AskExpert- moon shot – unable to get details and color

I tried to take super moon shots this week using many settings, but was unable to get details and color of magnificent moon.  When I googled it,  there were other Nikon 7100 users who had the same problem and just got big white overexposed moon.  Any  suggestions would be helpful.
Thanks.
Laura B.

Comments

AskExpert- moon shot – unable to get details and color — 4 Comments

  1. Here is a suggestion from Joe Fitzpatrick:

    Your meter is being fooled by the black night sky. The default metering
    mode on most cameras, including the Nikon D7100, is matrix or evaluative.
    In that mode the camera will attempt to make the night sky gray,
    overexposing the Moon. Instead of fooling with exposure compensation, set
    your camera to full manual. Use the Loony 11 Rule as a starting point for
    proper exposure. The Loony 11 Rule is aperture to f/11 and shutter speed to
    1/ISO, e.g., ISO 100 & SS 1/100, ISO 200 & SS 1/200. If the Moon is near
    the horizon you will need to slow the shutter or open the aperture by two
    stops or so. Take a test shot and adjust as needed.

    The camera’s auto white balance can also be fooled. If Auto white balance
    is not giving you the color you want try Tungsten to make the Moon bluer or
    Daylight or Flash to make it more yellow. Get the exposure right before
    playing with the white balance as it effects the result.

    Joe Fitzpatrick

  2. Our eyes adjust rapidly to the difference between the bright surface of the
    full moon and the much darker foreground. Thus to us it may not seem that
    way, yet in the night sky the full moon is as fully lit by the sun, as the sand
    on the beach in daytime here on the earth. Therefore the correct exposure
    to capture the texture of the moon is roughly the same as if you were taking
    a photo on the earth at daytime. That requires the camera to take vastly
    different exposures to capture the texture of the moons surface vs. to capture
    trees, structures, water or people in the foreground. Meantime, the moon
    is such small part of the image that usually, the camera in auto-exposure
    mode simply measures the exposure for the foreground.

    Most often you can get interesting moon pictures by creating silhouettes
    when exposing for the moon. I took the attached last night as the moon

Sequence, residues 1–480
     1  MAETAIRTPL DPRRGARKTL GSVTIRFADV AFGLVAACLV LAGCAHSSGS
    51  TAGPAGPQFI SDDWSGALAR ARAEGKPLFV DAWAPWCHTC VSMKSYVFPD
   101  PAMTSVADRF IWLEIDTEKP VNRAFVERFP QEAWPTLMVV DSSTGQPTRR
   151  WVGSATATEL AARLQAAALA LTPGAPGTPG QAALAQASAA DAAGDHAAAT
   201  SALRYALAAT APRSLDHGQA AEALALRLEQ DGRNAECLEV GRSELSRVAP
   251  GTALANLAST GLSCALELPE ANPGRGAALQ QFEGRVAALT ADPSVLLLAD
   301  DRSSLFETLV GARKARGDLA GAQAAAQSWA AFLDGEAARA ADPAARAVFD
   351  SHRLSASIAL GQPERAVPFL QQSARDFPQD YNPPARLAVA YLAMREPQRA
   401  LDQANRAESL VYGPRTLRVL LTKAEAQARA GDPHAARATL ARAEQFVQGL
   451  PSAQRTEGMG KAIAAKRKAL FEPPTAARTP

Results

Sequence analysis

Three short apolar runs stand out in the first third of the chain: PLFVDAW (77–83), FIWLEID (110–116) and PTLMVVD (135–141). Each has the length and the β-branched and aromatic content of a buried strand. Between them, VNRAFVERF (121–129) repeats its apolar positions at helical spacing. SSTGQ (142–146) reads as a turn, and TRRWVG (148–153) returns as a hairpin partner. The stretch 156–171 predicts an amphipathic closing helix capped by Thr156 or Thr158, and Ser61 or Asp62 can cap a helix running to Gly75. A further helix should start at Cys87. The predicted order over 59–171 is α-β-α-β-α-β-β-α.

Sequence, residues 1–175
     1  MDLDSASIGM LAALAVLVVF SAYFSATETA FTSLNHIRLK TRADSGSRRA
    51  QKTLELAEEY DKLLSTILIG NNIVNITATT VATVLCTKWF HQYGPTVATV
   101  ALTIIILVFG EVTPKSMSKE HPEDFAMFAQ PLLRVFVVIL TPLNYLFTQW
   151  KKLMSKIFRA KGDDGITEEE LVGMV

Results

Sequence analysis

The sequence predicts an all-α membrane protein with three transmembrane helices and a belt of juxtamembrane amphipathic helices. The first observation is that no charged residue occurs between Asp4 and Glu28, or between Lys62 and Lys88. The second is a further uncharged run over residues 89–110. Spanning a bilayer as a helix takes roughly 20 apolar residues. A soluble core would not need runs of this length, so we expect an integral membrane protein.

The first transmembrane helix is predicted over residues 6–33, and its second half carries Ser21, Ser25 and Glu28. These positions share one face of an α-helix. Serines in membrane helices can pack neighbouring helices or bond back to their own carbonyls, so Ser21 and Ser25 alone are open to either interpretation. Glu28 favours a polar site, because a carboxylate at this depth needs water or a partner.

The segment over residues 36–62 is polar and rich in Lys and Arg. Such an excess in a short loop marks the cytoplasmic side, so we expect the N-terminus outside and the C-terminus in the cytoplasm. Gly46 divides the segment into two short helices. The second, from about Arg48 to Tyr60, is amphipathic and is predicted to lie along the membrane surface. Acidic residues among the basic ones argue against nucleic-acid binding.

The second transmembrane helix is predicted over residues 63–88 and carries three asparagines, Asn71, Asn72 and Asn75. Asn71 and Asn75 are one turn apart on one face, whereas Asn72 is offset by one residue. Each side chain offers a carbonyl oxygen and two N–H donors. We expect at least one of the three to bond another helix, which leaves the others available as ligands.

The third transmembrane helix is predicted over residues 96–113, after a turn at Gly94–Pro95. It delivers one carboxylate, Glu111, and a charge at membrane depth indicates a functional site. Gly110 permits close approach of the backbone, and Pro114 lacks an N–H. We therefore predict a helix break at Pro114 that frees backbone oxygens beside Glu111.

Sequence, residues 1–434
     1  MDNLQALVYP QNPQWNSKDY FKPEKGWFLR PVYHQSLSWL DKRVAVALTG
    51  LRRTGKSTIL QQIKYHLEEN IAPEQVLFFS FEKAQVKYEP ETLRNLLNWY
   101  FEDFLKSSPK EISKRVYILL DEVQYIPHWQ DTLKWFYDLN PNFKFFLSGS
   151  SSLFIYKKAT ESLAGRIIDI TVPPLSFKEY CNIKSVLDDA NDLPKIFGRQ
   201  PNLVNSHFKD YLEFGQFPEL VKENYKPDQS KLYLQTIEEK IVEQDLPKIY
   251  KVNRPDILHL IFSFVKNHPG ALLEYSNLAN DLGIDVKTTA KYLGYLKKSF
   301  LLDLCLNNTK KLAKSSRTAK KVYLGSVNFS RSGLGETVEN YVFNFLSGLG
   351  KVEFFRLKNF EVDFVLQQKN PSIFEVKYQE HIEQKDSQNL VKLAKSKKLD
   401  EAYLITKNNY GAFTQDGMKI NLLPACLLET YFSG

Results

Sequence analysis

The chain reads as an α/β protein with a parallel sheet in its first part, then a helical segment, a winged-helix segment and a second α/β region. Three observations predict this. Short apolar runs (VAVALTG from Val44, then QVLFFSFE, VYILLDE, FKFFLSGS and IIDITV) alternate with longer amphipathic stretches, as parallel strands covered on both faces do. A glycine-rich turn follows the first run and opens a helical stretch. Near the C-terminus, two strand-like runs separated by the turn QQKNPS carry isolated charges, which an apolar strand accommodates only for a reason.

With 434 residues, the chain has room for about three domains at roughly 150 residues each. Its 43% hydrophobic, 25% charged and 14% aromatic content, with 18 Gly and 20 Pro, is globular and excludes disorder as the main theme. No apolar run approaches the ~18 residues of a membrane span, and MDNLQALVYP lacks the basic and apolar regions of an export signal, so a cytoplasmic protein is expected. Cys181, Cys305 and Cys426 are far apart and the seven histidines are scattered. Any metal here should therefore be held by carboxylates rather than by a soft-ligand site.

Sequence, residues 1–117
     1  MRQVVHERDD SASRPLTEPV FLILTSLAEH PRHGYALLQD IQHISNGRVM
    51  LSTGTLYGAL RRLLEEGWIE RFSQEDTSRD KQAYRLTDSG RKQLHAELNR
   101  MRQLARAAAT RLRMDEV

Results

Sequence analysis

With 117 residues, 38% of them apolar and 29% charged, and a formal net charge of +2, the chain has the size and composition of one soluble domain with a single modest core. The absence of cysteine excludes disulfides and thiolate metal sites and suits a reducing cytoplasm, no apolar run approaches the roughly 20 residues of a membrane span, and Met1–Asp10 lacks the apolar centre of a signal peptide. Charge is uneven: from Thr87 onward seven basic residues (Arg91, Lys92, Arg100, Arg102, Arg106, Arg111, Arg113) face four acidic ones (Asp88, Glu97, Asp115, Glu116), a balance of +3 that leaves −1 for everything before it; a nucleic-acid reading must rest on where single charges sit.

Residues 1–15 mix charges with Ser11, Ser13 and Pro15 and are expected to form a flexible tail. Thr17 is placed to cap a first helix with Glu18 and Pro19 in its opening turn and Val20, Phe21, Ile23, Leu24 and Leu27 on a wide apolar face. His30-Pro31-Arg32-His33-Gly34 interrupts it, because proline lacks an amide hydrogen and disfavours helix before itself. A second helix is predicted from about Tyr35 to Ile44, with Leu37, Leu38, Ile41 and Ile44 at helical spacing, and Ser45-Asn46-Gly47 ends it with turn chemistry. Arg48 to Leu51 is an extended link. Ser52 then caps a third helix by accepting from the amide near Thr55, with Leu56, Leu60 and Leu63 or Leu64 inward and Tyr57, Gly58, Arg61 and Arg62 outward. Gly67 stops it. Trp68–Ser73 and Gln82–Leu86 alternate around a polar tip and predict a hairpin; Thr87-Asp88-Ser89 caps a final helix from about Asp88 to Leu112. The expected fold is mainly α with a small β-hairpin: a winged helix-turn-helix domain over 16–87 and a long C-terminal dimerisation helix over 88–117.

was rising. When the moon is that low, the light weakens as it has to travel
    through a lot more air, and the exposure could be slightly longer, getting
    closer to that for the foreground without burning out the details. This shot
    was exposed 1/10 sec. f/4, ISO 200 and still somewhat overexposed – wish
    I had it at ISO100). Nothing great about it. Even here, most of the detail I
    captured was from the clouds in front of the moon not the moon surface
    itself.

    Tripod is highly recommended. Expect that you may need some processing
    in Photoshop (Elements) or Lightroom. HDR processing may work as well.
    The best way to tune in for a good exposure is checking the histogram on
    the camera display, and to set the blinkers that warn you of overexposure.

    For the next full moon opportunity I am planning a sneakier, more powerful
    way around the problem. Full moon happens when our globe is nearly in
    straight line between the sun and the moon (I.e. light behind the camera).
    At that time their movements are such that sunset and moonrise happens
    almost simultaneously. (E.g. respectively 8:22pm and 8:33pm at my location
    yesterday 7/12/14).

    The trick is that day-to-day time change for sunset is just a few minutes, but
    in the same time period, the moon rises 40-50 min. later every day. Therefore
    the day before the official day of the full moon, it will rise long enough before
    the sunset that it can photographed while the foreground is still lit by some
    sunlight. That may not qualify as full moon for astronomers, but it is close
    enough for me.

    Apps, like TPE (The Photographer’s Ephemeris) provides for every date and
    every location the exact direction where the sun and the moon will cross the
    horizon. The screenshot below shows that information for 7/15/14 just South of
    the Naples Pier.

    Bob Kenedi

  3. The full moon is a lot brighter than most people estimate. About EV 15 — which is equivalent to 1/500th, f/8.0, and ISO 100. Any of the auto modes will be fooled by the small bright object surrounded by complete blackness. Try manual exposure settings — as above or some other nearby EV number.
    For a chart of EV number equivalents, go to: http://en.wikipedia.org/wiki/Exposure_value
    R L Caron